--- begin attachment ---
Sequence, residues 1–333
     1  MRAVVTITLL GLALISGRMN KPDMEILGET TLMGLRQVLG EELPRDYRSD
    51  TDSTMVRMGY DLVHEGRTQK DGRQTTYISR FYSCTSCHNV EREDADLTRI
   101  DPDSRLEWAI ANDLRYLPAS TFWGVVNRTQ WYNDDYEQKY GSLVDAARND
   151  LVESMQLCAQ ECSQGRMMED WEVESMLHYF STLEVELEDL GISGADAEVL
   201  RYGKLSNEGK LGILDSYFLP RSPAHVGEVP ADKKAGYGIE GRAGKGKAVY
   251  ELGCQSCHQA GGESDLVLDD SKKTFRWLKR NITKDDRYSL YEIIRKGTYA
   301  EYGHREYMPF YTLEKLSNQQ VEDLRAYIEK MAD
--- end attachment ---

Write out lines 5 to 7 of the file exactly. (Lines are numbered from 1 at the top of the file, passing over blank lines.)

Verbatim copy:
   151  LVESMQLCAQ ECSQGRMMED WEVESMLHYF STLEVELEDL GISGADAEVL
   201  RYGKLSNEGK LGILDSYFLP RSPAHVGEVP ADKKAGYGIE GRAGKGKAVY
   251  ELGCQSCHQA GGESDLVLDD SKKTFRWLKR NITKDDRYSL YEIIRKGTYA